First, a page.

Some tomatoes varieties have naturally purplish foliage like 'Indigo Rose' which produces cherry-sized purple fruits high in antioxidants. However, the most common reason for tomato leaves turning purple is potassium deficiency. Other nutrient problems, as well as leaf burn and viral and pest infestations, may also cause this issue. Read on to learn about these various causes, possible treatments, and means of prevention.
Potassium plays an important role in encouraging photosynthesis (the process of plants harnessing energy from the sun). Young tomatoes cannot absorb potassium as easily from cold soil as they can from warm soil. That's why, when planted in cold soil, their leaves may turn purple or yellow for a time. As the soil warms, leaves might turn to their natural green. But plants will likely be stunted for the rest of the growing season, producing few to no flowers and as a result, few to no fruit.
To remedy potassium deficiency, feed tomato plants with fertilizer that is high in potassium. Choose fertilizers such as sulphate of potash, tomato feed, or certain organic potassium sources derived from sugar beet processing.
Tomato plants may also struggle to absorb phosphorous from cool and wet soil. While tomato leaves deficient in potassium may turn purple or yellow, phosphorus deficiency causes leaves to turn either purple or dark green. Tomato plants deficient in phosphorous may also experience stunted growth, necrotic spots on the leaves, and leaf cupping. All these symptoms are more likely to arise on older leaves. This issue can cause delayed blooming and delayed maturity.
Feed phosphorous deficient plants with a fertilizer such as superphosphate or bone meal.
Burnt by light
Depending on the chosen grow light and the variety of tomatoes being grown from seed, leaves might turn red or purple, become pale and sunburned, or start to look curly and crispy. This can be due to seedlings getting close to the light or just getting too much light in general.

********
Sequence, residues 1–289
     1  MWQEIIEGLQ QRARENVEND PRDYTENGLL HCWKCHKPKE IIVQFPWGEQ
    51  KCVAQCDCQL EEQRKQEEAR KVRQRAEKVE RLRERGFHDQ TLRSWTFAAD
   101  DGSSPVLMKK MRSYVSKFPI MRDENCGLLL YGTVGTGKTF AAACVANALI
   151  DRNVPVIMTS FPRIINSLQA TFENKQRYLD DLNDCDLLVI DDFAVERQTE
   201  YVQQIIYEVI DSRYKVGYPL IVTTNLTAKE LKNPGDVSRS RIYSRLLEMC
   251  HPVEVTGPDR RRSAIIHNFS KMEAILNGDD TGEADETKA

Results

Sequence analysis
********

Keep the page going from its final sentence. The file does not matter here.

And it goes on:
Adjust the light accordingly and, if needed, use a spray-on fertilizer specialized for seedlings. Follow the instructions on the bottle. Be careful not to spray too much, as too much fertilizer can also cause seedlings to burn.
Some viral infections cause tomato leaves to roll, too. Whiteflies carry tomato yellow leaf curl virus that causes leaves to become cupped or pale green in color. Leaves may also have yellow edges or purplish veins on the underside. As a result, flower and fruit production can become stunted.
Curly top virus is transmitted by beet leafhoppers, which migrate from southern areas and pose a greater threat there in hot, dry springs with predominantly southwest winds. Plants that are infected by this virus turn yellow and stop growing. Upper leaflets roll and turn purplish along the veins. Leaves and stems become stiff. Fruit ripens early.
Another potential problem is tomato spotted wilt/impatiens necrotic spot tospoviruses, carried by western flower thrips. While these viruses at first only occurred in commercial tomato production, now they have become an issue in some home gardens. Symptoms include dark brown to purple spots on the leaves, dark areas spreading to the stems and forming cankers. Leaf tissue becomes stiff, not limp. Yellow rings or spots on the fruit may appear. Fruit may also look distorted.
Use row covers to protect tomato plants. In the event of tomato spotted wilt, remove and destroy the affected plants. The western flower thrips that transmit this disease are almost impossible to control even with soaps, oils, and sulfur dust.
Tiny insects known as Garden springtail (Bourletiella hortensis) may injure small tomato seedlings. Garden springtails are extremely small, dark purple with yellow spots, wingless but using forked, tail-like appendages to project themselves into the air. They eat small holes in the leaves of small plants near the surface of the soil. It's usually not necessary to control them or treat tomato plants in the event of their brief visit.
How to Prevent Tomato Leaves from Turning Purple
Planting tomatoes in containers can prevent a lot of pest and disease problems. Avoid planting tomatoes too early when they can be killed by a late spring freeze or struggle to absorb nutrients from cold soil. Potassium can wash away more easily in soils that are light, sandy, or chalky, while heavier clay soils hold potassium naturally.
“A Visual Guide: Tomato Foliage, Stem & Root Problems.” Missouri Botanical Garden, www.missouribotanicalgarden.org/Portals/0/Gardening/Gardening%20Help/Visual%20Guides/Tomato%20Foliage%20Problems.pdf.
“Nutrient Deficiencies.” Royal Horticultural Society, www.rhs.org.uk/prevention-protection/nutrient-deficiencies.
Neubert, Laura Marie. “Tomato Tips and Tricks.” Million Gardens Movement, 9 Apr. 2021, milliongardensmovement.org/tomato-tips-and-tricks.
Scott, Janet McLeod, and Joey Williamson. “Tomato Leaves Rolling? | Home & Garden Information Center.” Home & Garden Information Center | Clemson University, South Carolina, 8 July 2021, hgic.clemson.edu/factsheet/tomato-leaves-rolling.
“Recognizing Tomato Problems.” Colorado State University Extension, 18 Mar. 2016, extension.colostate.edu/topic-areas/yard-garden/recognizing-tomato-problems-2-949.
“Tomato Lycopersicon.” CT.Gov - Connecticut’s Official State Website, portal.ct.gov/CAES/Plant-Pest-Handbook/pphT/Tomato-Lycopersicon.